Call me a Luddite, but I am opposed to the idea of watching a film on a cell phone. Not only is Sally Potter’s (“Orlando,” “The Man Who Cried,”) new film “Rage” being made for release on mobile devices, it’s premiering on them before a theatrical release. The release on September 21st will take place in seven parts, one each day through web/mobile application, Babelgum.
(Lily Cole as Lettuce Leaf in “Rage.”)
The episodic release seems to add further insult, but the film does not have a conventional narrative structure, or even any real locations. Instead, the story is told through a series of individual performances shot on green screen, in the guise of one on one interviews. Something about being behind-the-scenes at a New York fashion show when an incident on the catwalk turns into a murder investigation spanning seven days. Spellbinding I’m sure, but it doesn’t wet my whistle given the format. At least it lends itself to this “revolutionary” multi-platform release. If the artist intends on her work being viewed this way, in pieces on tiny screens, then at least it’s got that going for it. Does that excuse it for you?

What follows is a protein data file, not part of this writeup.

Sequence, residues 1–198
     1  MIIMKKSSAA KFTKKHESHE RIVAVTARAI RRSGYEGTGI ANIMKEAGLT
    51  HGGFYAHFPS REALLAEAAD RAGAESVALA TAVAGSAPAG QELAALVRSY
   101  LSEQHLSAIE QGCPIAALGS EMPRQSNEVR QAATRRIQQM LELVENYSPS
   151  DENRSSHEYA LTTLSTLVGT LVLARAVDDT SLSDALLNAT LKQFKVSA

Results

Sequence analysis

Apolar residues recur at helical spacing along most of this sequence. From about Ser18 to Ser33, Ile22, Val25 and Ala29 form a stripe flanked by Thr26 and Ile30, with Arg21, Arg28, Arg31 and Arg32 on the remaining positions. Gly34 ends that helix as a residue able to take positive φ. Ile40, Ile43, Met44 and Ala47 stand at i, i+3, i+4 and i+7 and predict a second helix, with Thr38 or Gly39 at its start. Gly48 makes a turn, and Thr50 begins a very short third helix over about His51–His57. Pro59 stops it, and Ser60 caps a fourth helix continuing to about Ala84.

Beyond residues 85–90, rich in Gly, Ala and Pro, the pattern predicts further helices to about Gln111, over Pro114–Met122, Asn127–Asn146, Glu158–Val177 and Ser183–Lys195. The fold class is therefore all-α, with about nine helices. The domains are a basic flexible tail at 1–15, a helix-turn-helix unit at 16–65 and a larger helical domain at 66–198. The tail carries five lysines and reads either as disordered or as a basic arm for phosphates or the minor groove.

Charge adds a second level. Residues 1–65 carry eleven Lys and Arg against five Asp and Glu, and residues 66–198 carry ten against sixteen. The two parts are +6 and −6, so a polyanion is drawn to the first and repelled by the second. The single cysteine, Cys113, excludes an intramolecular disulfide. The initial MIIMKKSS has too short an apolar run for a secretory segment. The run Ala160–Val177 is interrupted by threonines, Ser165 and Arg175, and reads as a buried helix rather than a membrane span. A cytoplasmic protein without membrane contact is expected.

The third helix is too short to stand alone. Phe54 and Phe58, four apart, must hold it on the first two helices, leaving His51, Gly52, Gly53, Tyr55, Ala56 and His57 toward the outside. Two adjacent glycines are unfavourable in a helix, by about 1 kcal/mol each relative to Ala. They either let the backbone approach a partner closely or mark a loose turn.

The good news is that “Rage” stars Judi Dench, Jude Law (as a woman), John Leguizamo, Dianne Wiest, Steve Buscemi, Eddie Izzard, Lily Cole, Simon Abkarian, Patrick J. Adams, Riz Ahmed, Adriana Barraza, Jakob Cedergren David Oyelowo, and Bob Balaban. There’s a lot of names in there I like a great deal and wouldn’t mind watching their solo performances. Does that excuse it for me?
There was a bit I read in releases that really got to me: “The film consists entirely of a dynamic series of interviews, as if shot by a schoolboy on his mobile phone.” Really? If I wanted to watch a something shot by a “schoolboy” on his phone, I’d watch this. Have we dumbed down our content so much already that we’ve moved on to our technique? I really hope we move past this youtube standard. This is like a feature vlog, no?
Potter directed and scored film with long time collaborator Fred Frith (“Before Sunrise”) who has composed or contributed to the scores of several of her films in the past. Maybe the talented Potter will be remembered for this pioneering effort, but it reeks of gimmickry to me. Still, I’m looking forward to watching Dame Judi Dench fire up what looks to be either a wonder joint or one hell of a Gauloises. Balaban is always a good time, obvs.